The Angelus (Jean-François Millet, 1857-59)
“The Angelus” is one of the most famous devotional paintings of the nineteenth century, portraying two peasants bowing in a field as they pray the Angelus, presumably in response to the tolling of the evening bell from the church shown against the horizon. There is something attractive in its reverent simplicity that still tugs at the hearts and souls of those who have long since forgotten how to pause for prayer. Yet this method of practicing the presence of God was natural to rural communities, which marked their time with God by the tolling of the bells.
The history of the painting is interesting, especially as it might have been painted originally as a mother and father saying burial prayers over a child’s casket, later to be repainted as the famous work we have today. It was commissioned by an American art collector, Thomas Gold Appleton, and completed in 1857 as “Prayer over the Potato Crop”. But when Appleton failed to take possession in 1859, the artist made changes, including the addition of the steeple in the distance, and renamed the work “The Angelus”. In any case, it was not unusual for artists to repurpose their canvases, especially when materials were in short supply.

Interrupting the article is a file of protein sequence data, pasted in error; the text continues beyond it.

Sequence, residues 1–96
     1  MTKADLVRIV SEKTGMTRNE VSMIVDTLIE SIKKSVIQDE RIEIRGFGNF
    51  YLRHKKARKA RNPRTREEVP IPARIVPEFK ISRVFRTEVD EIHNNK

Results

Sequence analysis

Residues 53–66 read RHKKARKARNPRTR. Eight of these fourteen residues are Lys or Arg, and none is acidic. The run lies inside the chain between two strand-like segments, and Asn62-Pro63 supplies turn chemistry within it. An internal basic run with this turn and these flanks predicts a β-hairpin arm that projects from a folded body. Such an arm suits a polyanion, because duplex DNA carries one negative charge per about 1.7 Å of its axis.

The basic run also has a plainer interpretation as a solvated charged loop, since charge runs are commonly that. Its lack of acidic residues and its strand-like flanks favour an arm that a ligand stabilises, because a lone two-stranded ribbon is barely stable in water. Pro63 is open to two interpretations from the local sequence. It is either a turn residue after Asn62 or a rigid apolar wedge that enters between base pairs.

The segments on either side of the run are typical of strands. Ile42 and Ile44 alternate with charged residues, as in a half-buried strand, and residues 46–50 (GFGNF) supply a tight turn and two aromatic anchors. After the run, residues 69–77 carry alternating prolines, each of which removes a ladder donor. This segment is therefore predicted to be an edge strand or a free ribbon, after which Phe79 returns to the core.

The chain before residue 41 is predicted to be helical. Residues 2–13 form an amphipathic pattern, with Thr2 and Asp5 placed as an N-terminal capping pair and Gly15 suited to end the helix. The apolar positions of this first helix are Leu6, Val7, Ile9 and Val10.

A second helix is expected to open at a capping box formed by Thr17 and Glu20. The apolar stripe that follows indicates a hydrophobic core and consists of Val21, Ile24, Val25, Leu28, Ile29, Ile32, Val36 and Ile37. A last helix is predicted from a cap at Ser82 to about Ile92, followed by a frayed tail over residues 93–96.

The painter was a Frenchman from Normandy, Jean-François Millet (1814-1875), who was a master of peasant scenes, for which he became justly famous. Another of his well-known paintings is “The Gleaners”. Millet was influenced by the Church through his early education under the guidance of two priests before he had to begin helping his father in the fields. But at the age of eighteen, his father was able to send him to art school, where he began to develop his native talent.
Millet married in 1841 but his wife died of consumption within two years. By 1845 he was living with another woman, whom he finally married in a civil ceremony in 1853. They stayed together until his death twenty-two years later, and had nine children. Great artists often possess an insight into reality which outstrips their religious commitment, but there was clearly significant stability in Millet’s life. In capturing what we might call the eternal peasant in each of us—child of God and tiller of earth—Millet may have painted more truly than he knew.
Note: Here is the text of The Angelus prayer (along with the Regina Coeli) in English and Latin.
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